A particular tribute should go from all of us to Enid Hill. She not only edits the Newsletter from time to time, but every time she takes charge of our addressograph machine, makes sure our mailing list is correct and tackles all the envelopes.
Finally, we are all deeply in debt – as we have been now for many years – to Rene Frauchiger and Trudi Pulfer. Rene keeps our Duplicator and yearns over it (and it can be a temperamental beast) like a mother. She rolls off the whole of each Newsletter, collates it pages and the she and Mrs. Pulfer stuff’ the envelopes, stamp and post them. It’s a mammoth task 12 times a year and the fact that it’s a labour of love doesn’t make it any less labour, either’!
Anyway, everyone who enjoys the Newsletter will, I’m sure, want to join me in grateful thanks to all these willing helpers.
Brigid Grafton Green
THE ANNALS OF THE POOR IN THE EIGHTEENTH CENTURY By Nell Penny
There is a wealth of local history material in the library archives at The Burroughs N.W.4 Particularly rich are the annals of the poor, both indigenous and “foreign” These are contained in the manuscript material for the years 1660 to 1835 deposited by the officials of St. Mary’s church – vestry minutes, church wardens’ accounts, accounts of the overseers of the poor, examinations, artifacts and removals.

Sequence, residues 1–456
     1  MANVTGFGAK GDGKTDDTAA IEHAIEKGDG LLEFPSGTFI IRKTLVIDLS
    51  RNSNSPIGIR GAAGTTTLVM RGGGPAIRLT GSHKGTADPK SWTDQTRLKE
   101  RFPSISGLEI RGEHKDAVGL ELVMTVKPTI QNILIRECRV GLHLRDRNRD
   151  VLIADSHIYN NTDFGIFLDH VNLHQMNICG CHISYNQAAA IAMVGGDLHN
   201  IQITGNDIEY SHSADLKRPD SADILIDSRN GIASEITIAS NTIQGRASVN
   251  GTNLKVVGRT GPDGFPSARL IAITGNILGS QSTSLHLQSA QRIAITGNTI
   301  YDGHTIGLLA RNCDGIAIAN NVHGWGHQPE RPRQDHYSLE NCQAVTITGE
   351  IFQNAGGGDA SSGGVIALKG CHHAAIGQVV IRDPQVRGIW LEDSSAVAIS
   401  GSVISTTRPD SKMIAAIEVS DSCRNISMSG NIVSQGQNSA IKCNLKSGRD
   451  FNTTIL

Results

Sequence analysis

By an act passed in 1601, Hendon, like all other parishes, rural and urban, had to appoint two overseers of the poor. These men, unpaid like all parish officers, were to get money by collecting rates on land and tenements. During the first half of the eighteenth century Hendon overseers generally raised two rates a year. They were charged to support the impotent poor (i.e. the sick, the old and young children), to apprentice older children by paying premiums and to buy a stock of materials upon which the able-bodied poor were to be set to work. Hendon overseers seem to have performed these duties reasonably well in a paternally despotic way, typical of eighteenth century local administration. Because office was unpaid, nobody was willing to be an overseer for more than one year but most overseers served the following year as church wardens.